Johanna Vazzana knew the job she’d applied for was a stretch. Vazzana, now a cybersecurity strategist working at Mitre, was interviewing early in her career for a technical cybersecurity position with a Fortune 500 company. Though she lacked a computer science degree, she’d taught herself relevant skills and racked up certifications that she hoped would fill in the educational and experiential gaps.
But during the interview, the hiring manager didn’t harp on her inadequate skillset. Instead, he told her: “I’m surprised to be interviewing a mom.”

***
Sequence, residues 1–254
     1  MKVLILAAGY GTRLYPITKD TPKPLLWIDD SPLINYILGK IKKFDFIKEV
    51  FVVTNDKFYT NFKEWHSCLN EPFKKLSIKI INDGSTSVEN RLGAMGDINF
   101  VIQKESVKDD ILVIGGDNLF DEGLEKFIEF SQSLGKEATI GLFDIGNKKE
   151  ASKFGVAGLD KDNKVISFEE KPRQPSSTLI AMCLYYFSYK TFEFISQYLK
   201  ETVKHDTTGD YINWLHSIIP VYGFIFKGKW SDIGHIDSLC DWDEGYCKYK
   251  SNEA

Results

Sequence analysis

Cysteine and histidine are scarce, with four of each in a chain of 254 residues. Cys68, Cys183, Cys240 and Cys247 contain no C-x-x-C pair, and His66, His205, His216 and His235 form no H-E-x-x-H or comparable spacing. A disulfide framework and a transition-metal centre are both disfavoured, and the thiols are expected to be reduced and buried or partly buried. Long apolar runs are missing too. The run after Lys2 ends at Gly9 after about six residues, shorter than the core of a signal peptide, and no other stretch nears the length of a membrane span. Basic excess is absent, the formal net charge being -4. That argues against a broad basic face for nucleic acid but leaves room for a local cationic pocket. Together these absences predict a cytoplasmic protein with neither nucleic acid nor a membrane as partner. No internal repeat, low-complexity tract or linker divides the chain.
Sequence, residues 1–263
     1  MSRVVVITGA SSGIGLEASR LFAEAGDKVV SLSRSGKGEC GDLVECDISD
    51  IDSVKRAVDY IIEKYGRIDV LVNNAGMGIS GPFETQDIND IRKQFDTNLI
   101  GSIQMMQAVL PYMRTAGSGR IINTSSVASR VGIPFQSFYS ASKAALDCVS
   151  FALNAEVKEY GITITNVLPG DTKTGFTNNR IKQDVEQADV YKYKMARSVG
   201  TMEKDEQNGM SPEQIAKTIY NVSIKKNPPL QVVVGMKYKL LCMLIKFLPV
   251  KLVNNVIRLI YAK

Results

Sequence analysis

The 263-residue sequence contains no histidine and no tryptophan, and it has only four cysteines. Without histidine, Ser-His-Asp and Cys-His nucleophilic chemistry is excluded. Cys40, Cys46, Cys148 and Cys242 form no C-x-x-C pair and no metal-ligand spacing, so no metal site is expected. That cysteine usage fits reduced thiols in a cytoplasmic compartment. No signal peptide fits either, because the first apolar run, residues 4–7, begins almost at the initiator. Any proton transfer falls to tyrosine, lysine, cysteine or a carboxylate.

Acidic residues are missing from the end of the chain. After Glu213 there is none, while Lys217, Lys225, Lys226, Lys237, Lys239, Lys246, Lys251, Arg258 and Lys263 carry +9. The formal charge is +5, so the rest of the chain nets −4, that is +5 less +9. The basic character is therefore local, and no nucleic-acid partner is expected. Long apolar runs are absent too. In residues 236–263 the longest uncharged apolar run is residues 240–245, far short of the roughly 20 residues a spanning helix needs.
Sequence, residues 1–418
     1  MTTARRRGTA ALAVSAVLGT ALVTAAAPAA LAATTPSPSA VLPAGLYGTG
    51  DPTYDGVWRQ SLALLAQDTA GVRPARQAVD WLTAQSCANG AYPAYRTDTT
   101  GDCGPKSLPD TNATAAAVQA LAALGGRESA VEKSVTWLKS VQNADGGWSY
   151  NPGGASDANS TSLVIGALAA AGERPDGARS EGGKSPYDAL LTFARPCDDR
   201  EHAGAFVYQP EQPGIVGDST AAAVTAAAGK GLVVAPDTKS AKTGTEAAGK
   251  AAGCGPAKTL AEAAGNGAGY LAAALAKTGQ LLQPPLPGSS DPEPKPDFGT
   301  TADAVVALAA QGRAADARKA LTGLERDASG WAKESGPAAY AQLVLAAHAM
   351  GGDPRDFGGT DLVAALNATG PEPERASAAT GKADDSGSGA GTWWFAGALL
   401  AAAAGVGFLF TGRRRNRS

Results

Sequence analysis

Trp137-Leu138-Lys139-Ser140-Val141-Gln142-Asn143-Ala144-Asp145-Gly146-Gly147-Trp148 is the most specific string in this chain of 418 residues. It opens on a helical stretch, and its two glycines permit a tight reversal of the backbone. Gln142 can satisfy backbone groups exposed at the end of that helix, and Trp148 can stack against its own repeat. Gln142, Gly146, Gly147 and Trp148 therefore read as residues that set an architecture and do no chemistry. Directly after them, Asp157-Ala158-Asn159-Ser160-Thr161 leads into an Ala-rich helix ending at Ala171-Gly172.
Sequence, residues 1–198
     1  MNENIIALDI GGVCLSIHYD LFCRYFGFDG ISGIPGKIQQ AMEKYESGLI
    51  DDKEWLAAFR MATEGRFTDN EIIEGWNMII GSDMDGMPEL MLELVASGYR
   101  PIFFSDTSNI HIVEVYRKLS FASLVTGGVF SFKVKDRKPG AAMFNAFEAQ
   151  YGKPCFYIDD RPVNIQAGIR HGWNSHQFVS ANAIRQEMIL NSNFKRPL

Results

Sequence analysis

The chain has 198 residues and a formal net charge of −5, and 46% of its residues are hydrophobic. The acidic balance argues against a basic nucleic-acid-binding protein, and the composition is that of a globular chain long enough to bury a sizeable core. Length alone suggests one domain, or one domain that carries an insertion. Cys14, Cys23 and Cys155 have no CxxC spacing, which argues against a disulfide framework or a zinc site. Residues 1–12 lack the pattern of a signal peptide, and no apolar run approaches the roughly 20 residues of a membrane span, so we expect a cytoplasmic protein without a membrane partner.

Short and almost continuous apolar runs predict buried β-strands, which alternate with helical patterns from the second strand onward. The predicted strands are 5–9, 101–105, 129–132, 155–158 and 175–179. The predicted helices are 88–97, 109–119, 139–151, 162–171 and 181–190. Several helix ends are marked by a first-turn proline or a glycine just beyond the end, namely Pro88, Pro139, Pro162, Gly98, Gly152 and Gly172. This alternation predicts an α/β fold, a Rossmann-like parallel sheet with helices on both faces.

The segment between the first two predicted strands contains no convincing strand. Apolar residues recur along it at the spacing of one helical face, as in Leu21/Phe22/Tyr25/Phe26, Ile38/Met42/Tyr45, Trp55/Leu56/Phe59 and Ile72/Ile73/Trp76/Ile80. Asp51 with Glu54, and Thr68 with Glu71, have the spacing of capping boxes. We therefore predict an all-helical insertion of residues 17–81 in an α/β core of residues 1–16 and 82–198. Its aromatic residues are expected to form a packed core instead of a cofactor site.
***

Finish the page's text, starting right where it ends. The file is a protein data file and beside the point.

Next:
The experience served as an introduction to a discriminatory dynamic she’s continued to observe in the industry. “It was the first time I remember being aware that there was some correlation between my being a mother (or a woman, or a parent, or something personal) and my being considered for a job,” Vazzana wrote in New America’s publication Humans of Cybersecurity.
Although Vazzana’s interview was nearly a decade ago (and, spoiler alert, she didn’t get that job), there’s plenty of evidence that overt and covert gender discrimination endures, and that it’s part of what’s suppressing the numbers of women in cybersecurity.